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What's the Difference Between Speed and Velocity?

Speed and velocity are sometimes used differently in real life than they are in science. Everyday Einstein discusses the differences and similarities between speed and velocity.

By
Lee Falin, PhD,
February 15, 2014
Episode #088

Page 1 of 2

A while back, Grammar Girl and I discussed a few words that tend to mean something different to scientists than they do to most people. Today I want to discuss another group of terms that most people use in a way that’s different than their scientific meanings: speed and velocity.

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The Need for Speed

Speed is a measurement of how far you go in a given length of time. Miles per hour or meters per second are both measurements of speed. Notice how both of those measurements are in the form “distance” per “time.” Anytime you see that form, you’re probably talking about speed. 

There are two ways to think about speed: average speed and instantaneous speed. To figure out your average speed, you take how far you’ve traveled and divide it by how long it took you to do it. So if you walked 50 miles today and it took you just 5 hours to do so, you could say that your average speed was 50 miles per 5 hours.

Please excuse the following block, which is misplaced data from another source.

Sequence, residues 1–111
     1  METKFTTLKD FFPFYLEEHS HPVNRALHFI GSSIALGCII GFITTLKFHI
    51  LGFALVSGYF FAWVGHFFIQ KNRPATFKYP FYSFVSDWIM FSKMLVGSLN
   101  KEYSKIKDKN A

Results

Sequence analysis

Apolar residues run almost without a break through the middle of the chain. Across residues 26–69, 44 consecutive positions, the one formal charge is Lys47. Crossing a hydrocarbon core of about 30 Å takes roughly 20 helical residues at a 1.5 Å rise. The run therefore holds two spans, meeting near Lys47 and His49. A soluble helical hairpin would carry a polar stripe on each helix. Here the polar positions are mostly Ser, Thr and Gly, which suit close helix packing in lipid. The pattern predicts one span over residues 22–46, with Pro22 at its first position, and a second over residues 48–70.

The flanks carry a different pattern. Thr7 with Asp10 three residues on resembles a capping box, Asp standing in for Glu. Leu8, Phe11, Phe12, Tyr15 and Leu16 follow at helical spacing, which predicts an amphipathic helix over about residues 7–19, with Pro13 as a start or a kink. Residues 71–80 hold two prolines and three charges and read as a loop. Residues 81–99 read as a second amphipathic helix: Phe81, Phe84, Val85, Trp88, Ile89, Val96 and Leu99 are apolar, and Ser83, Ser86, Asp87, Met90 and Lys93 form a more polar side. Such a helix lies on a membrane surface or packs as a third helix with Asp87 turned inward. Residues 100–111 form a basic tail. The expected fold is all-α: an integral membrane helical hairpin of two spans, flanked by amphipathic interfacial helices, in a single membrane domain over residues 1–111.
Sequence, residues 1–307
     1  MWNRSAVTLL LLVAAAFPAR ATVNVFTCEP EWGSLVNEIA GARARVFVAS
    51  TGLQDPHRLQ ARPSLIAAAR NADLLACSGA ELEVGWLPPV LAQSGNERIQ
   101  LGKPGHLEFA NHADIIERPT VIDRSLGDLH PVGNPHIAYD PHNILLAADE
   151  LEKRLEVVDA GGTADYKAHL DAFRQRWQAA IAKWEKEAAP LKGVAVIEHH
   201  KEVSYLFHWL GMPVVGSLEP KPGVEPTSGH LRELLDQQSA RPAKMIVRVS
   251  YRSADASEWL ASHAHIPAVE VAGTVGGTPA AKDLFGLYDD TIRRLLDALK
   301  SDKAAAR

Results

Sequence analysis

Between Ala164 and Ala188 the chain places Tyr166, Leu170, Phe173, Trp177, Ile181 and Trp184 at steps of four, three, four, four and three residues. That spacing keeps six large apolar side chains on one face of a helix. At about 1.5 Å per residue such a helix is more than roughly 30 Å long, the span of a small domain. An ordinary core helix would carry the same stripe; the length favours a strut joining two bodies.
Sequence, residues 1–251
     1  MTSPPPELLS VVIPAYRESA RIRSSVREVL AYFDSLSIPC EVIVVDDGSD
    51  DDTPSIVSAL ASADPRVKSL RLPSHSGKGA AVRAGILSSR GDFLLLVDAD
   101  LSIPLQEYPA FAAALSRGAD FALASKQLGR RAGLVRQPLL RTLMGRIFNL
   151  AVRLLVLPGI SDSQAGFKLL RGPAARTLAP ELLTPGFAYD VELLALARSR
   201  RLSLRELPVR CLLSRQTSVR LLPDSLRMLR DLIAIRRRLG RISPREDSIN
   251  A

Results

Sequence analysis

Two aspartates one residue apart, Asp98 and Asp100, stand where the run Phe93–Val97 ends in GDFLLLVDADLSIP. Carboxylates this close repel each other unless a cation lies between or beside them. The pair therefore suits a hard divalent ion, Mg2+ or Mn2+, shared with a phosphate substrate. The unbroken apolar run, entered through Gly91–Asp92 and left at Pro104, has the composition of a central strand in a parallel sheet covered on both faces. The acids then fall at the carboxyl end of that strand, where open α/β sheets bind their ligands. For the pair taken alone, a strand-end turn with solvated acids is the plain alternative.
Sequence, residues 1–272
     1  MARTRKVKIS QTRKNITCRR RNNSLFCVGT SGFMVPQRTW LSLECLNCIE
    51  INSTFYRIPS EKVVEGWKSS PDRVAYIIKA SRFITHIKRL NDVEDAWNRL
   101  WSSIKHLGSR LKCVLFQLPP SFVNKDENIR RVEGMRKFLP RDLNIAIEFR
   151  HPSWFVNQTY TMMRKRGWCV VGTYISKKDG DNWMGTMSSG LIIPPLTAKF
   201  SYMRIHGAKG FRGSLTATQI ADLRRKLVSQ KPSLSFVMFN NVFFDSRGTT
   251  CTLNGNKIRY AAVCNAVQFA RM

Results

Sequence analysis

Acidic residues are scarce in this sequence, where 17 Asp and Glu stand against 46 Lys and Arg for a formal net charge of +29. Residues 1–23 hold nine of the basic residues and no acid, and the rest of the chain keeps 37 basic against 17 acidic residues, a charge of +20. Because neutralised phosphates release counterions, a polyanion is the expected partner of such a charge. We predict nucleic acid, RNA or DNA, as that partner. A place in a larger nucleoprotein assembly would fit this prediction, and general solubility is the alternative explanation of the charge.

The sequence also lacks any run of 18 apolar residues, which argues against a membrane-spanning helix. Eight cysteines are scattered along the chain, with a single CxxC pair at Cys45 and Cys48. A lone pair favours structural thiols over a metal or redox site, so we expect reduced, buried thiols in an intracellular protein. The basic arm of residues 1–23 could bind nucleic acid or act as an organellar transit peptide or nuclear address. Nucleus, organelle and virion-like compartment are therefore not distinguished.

Of course that’s a bit weird to say, so most people would simplify things by dividing both parts by 5 so that they could see the average distance traveled each hour. In this case you’d get a speed of 10 miles per hour. 

Instantaneous speed tells your speed is at a particular moment of time. If you’re in a car, you can figure out your instantaneous speed pretty easily by just looking at the speedometer (speedometer literally means “speed measurer”). If the speedometer says 50 miles per hour, then your instantaneous speed at the exact moment you looked at it was (not surprisingly) 50 miles per hour. 

If you don’t have a speedometer handy, then you can technically still figure out your instantaneous speed using calculus, but it becomes a bit trickier. 

The Not-so-Handy Distance-Time Graph

As you might imagine, lots of things can impact your average speed. Let’s say for example that during that rather impressive 50 mile walk you went on earlier, you decided to stop after the second hour to take a little breather. As a result, during that second hour you only made it about 8 miles. 

Just like one bad test score can pull down your average grade, covering less distance during part of your travels will lower your average speed. 

One thing you can do to visualize these changes in speed is to use a distance-time graph. This is a graph where the distance traveled is plotted along the vertical axis while the time passed since starting your journey is plotting along the horizontal axis. 

If you plot your distance every hour using this graph, you can draw a line between the points to see a visual record of how your speed changed over time.

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